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By Vhahangwele Nemakonde

Digital Deputy News Editor

All nations need participatory vaccine strategies

While the vaccine debate has quietened somewhat, in SA the government has yet to reach its target ratios for Covid vaccination.

Pandemics constitute major public health concerns that affect the entire population, causing widespread human suffering, often requiring population-scale behavioural change, and bringing in myriad new ethical, legal and medical practice paradigms.

The past two years have been a wake-up call for nations around the world to ensure that health systems are resilient and pandemic-prepared. Africa’s primary healthcare systems must be strengthened, and part of the solution lies in robust vaccination strategies, experts say.

As with many other disease outbreaks, Covid saw the disadvantaged in our society bearing the brunt of the effects of the pandemic, highlighting the need for transparent policies that prioritise the most vulnerable groupings of people.

A collaborative participatory approach, including diverse stakeholder input is crucial, as strategic decision-making during pandemics falls not only onto medical authorities and state actors, but also to community leaders and disaster management specialists.

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Maintaining civil rights, livelihoods and the economy with public health becomes a precarious balancing act, requiring a sophisticated multidisciplinary understanding.

While the vaccine debate has quietened somewhat, in SA the government has yet to reach its target ratios for Covid vaccination and discussions around vaccine mandates remain on the national agenda. Misinformation is still thought to be a strong driver of vaccine hesitancy in SA.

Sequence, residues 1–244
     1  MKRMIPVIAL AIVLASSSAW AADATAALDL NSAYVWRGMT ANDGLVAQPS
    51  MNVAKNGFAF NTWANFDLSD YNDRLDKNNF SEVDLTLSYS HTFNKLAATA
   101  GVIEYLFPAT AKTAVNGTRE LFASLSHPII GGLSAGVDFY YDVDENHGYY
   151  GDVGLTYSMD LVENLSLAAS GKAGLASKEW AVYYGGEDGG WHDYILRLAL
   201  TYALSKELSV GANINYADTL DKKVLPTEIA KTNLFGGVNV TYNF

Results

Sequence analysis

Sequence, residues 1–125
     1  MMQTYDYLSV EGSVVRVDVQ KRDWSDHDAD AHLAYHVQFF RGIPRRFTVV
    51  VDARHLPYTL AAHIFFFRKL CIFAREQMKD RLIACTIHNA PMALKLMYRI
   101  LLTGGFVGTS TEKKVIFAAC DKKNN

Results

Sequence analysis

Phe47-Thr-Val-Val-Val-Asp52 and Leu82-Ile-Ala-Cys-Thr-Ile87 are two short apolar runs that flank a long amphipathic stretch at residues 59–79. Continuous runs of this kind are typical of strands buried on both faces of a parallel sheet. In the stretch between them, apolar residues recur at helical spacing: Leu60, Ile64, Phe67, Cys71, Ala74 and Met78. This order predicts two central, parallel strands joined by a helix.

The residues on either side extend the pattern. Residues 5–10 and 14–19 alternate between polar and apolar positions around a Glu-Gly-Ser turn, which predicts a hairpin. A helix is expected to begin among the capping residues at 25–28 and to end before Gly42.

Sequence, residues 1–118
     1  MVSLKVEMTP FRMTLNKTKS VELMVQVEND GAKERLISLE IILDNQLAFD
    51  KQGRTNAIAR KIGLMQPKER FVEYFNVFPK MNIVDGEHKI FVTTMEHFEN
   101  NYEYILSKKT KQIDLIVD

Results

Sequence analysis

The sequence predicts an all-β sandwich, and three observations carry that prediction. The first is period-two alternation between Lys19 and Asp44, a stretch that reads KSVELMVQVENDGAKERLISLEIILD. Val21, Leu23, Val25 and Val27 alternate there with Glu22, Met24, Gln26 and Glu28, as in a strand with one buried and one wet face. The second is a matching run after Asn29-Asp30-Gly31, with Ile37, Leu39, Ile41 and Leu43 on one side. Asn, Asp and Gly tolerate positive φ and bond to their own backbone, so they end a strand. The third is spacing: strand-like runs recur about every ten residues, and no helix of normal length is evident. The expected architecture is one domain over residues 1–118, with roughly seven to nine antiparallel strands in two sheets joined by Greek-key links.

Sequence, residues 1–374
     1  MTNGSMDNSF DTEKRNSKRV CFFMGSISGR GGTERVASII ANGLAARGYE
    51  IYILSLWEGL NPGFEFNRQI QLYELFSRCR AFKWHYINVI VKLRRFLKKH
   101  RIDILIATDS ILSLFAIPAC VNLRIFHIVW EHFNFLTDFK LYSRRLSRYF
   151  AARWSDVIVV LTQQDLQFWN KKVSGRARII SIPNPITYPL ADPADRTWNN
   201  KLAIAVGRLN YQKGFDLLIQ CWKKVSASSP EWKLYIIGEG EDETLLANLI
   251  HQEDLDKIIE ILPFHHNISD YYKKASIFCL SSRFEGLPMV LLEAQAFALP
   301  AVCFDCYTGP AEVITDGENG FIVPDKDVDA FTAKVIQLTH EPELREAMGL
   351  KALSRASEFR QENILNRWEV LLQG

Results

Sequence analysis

Mandatory immunisations are not new in the country and have otherwise been widely accepted by parents of schoolgoing children who must be up to date with standard immunisations before being enrolled – and international travellers, for example.

All nations and state actors are obliged to comply with international health regulations (IHR). These compel SA to work towards vaccination targets. Having made vaccines available, the SA government may consider a more proactive approach. This may entail some refocusing of values and ethical nudging.

The state may implement mandatory vaccinations for certain groupings like civil servants, teachers and tertiary students, if necessary.

Another strategy under discussion is to enhance community-level accessibility by including Covid vaccines in the standard immunisation packages that are rolled out to all citizens. On the other hand, state interventions that could provoke strong public opposition need to be kept to a minimum and only in service of specific target outcomes.

The complexities around mandates, hesitancy, human rights and ethics in the context of this and future pandemics, will be a major focus area of the 11th Ethics, Human Rights & Medical Law Conference taking place at Africa Health Exhibition at Gallagher Convention Centre at the end of October.

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Ultimately, pandemic preparedness will be directly proportional to the confidence we can instil in the institutions and HCWs within our healthcare systems. Future pandemics can be mitigated by building trust and improving transparency and communication.

We must also be sure to include the evidence and scientific bases for decisions taken, when those decisions are communicated to the people.

Chima is an authority on informed consent in medicine who specialises in bio & research ethics and medical law. He is a speaker at the Africa Health Conference this month.

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